This new lease was to last 99 years, but many believed it would never expire. The expansion of the territory and the influx of people and money set colonial Hong Kong on the path toward growth, though it was still far from the booming metropolis it would become in the mid-20th century.
The Sun Sets on the British Empire and Rises Over Hong Kong
The economic success in Hong Kong today is rooted in the decades following World War II and the Cold War. The civil war between the Chinese Communist Party and their nationalist rivals forced over a million Chinese to migrate to Hong Kong between 1945 and 1949, lifting the city’s population to roughly 2.5 million.
Chinese refugees at the Hong Kong border in 1950.
Yet, Hong Kong faced Cold War restraints such as embargos that limited its exchange with the PRC. Goods that were difficult or impossible to find in the PRC due to the American and U.N. embargos were smuggled in via Hong Kong.
The trade barriers led Chinese entrepreneurs in Hong Kong to invest in other opportunities such as light industries. Due to these changes, the city’s steady colonial government, access to British capital, and an influx of cheap labor from China, Hong Kong entered its postwar economic boom fueled by industrial growth.
Textile manufacturing soared in Hong Kong in the 1950s.
During this time, stark differences between life in Hong Kong and the PRC led to a singular Hong Kong identity.
The PRC overcame enormous difficulties but also suffered massive unrest during its first 25 years. Mao’s Great Leap Forward (1958-1962) crippled China’s economy and caused a devastating famine. Less than 10 years later, the Great Proletarian Cultural Revolution (1966-1976) unleashed political factionalism that touched every quarter of PRC society and further damaged the economy.
Mao’s Great Leap Forward encouraged steel production in backyard furnaces, circa 1958.
By contrast, Hong Kong enjoyed a strong economy despite its own unrest in the 1960s. Between 1968 and 1972, the city’s GDP grew by over 100 percent. As the PRC became more open to the outside world in the late 1970s, travel to China confirmed just how different the two places had become during more than a century of colonial administration.
At the same time, the city began to enjoy greater autonomy from Britain. By the 1970s, Hong Kong’s colonial administrations controlled its foreign reserves and managed its economic policies. As the economy expanded, Hong Kong embraced its ambiguous identity, neither fully Chinese nor British.
Billboard of Deng Xiaoping erected in 1992 in Lizhi Park, Shenzhen, China.
As the PRC opened to the world following Deng Xiaoping’s rise to power, manufacturing in Hong Kong declined. From the late 1970s into the 1980s, nearly 90 percent of Hong Kong’s factories moved to Guangdong in the PRC. Undeterred, Hong Kong transitioned successfully into a service-based economy and is now one of the most important financial and shipping centers in the world with a per capita GDP similar to that of the United States.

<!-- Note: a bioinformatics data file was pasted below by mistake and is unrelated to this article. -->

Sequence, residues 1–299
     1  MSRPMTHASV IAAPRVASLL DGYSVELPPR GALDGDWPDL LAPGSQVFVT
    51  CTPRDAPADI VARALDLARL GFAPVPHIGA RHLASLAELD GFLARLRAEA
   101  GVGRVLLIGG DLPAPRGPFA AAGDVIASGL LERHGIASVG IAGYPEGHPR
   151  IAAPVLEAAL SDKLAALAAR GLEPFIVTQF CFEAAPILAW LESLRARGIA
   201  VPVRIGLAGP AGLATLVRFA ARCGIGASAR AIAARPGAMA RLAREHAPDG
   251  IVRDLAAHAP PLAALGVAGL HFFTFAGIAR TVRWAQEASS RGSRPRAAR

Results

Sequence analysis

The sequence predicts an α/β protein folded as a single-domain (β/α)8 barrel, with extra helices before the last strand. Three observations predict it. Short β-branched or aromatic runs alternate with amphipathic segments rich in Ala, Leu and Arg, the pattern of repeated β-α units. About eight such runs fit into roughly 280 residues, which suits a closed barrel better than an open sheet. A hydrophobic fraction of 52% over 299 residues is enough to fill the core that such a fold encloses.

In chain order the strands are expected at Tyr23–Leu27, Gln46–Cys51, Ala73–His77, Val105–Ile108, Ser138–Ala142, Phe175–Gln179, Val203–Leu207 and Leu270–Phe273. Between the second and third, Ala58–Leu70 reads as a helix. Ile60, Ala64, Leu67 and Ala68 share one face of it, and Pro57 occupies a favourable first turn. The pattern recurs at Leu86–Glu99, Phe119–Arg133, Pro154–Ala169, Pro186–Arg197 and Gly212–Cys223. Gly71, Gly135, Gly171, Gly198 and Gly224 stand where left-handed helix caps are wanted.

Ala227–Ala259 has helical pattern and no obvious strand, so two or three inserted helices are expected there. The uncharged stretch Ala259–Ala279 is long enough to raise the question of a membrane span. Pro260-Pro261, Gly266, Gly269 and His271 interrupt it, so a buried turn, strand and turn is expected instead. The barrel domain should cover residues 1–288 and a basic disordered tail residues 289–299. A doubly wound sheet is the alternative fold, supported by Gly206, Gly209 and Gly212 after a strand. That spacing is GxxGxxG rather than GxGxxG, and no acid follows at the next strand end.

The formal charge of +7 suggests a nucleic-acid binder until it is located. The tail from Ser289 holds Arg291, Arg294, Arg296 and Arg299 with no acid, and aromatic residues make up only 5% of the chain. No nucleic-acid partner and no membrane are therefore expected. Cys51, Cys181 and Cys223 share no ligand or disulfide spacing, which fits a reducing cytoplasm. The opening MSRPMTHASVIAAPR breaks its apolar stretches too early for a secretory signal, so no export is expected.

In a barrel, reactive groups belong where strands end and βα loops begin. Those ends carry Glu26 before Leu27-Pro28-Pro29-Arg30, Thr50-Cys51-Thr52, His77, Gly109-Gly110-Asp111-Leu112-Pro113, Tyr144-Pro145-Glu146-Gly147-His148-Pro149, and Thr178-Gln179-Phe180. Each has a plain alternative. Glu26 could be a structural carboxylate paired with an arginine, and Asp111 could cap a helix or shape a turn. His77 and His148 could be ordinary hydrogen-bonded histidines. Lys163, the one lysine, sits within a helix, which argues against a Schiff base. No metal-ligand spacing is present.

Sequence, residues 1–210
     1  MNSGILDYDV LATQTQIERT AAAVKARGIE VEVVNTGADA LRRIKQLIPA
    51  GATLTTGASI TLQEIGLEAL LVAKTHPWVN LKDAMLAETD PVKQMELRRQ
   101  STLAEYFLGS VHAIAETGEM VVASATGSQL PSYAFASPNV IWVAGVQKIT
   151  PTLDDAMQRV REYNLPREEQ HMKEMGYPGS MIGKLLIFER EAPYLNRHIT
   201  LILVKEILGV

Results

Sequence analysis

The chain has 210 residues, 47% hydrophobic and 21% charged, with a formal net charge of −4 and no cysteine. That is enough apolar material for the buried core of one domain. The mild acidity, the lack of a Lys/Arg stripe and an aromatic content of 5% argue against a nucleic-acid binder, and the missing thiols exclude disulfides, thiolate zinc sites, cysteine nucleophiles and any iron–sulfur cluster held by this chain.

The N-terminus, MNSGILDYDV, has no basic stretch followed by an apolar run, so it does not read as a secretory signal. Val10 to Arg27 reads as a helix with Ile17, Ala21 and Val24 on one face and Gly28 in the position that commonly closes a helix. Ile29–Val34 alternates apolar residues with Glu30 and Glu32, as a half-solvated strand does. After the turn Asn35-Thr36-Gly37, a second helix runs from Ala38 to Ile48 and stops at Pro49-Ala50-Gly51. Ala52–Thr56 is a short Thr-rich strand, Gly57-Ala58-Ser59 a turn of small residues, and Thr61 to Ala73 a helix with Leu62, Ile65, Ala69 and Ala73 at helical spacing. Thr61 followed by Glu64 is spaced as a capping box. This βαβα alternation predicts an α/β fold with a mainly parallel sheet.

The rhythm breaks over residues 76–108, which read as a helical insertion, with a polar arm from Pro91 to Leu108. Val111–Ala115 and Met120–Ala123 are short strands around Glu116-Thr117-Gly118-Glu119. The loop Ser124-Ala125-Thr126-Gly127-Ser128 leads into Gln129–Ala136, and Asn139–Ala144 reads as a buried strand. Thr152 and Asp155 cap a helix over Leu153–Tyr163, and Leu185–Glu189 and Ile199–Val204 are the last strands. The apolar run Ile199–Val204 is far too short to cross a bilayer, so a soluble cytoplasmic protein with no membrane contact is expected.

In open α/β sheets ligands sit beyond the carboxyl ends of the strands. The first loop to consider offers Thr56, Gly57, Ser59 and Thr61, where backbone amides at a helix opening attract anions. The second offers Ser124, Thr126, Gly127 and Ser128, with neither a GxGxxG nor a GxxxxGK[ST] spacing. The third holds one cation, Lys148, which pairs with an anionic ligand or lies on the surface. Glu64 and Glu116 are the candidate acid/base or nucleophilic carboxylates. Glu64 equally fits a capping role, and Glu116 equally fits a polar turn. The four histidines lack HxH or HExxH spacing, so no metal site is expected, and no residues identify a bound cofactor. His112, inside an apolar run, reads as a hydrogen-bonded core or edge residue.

Given the city’s unique history and continued success, many in Hong Kong hoped that the city would one day become fully independent, existing as a British Commonwealth.
Hong Kong protesters demanded universal suffrage in 2008.
But a true representative democracy wherein Hong Kong’s citizens elected their chief executive never fully materialized. A movement toward creating direct democratic elections with universal suffrage gained steam in the late 1980s and 1990s. However, the process was not completed before the British handover in 1997. If direct elections had come to the city, perhaps Hong Kong could have chosen its own fate. As a colony, the city and its citizens scarcely could control the future.
For much of the 1950s and 1960s, the PRC insisted that recovering Hong Kong was not a top priority, though if the city were to be returned it would be done so peacefully. In fact, the PRC may have even worked to help maintain Hong Kong’s status during those years in order to maintain its window to the outside world.
Cover of Worker-Peasant-Soldier Pictorial magazine in 1970, during the Great Proletarian Cultural Revolution.
By the 1980s, however, the PRC’s priorities changed. China began the process of transforming its economy and opening to the world in the late 1970s and early 1980s. Like its East Asian neighbors Japan and South Korea before it, China experienced an unprecedented economic boom.
In the midst of this social, political, and (notably) economic transformation, the PRC and Britain began negotiating the peaceful return of Hong Kong to China. These negotiations resulted in the Sino-British Joint Declaration of 1985, with the result that Britain agreed to return the city to China in 1997.
A replica of the historic negotiations in 1984 between Deng Xiaoping and Margaret Thatcher to return Hong Kong to the PRC. The exhibit is on display in the Meridian View Center, located on the 69th floor of the Diwang Mansion, Shenzhen, China.
The declaration also took into account the vast social and political gulf between the PRC and Hong Kong. The PRC had taken drastic action to reform its economy with spectacular results. Politically, however, the PRC’s transformation was less dramatic.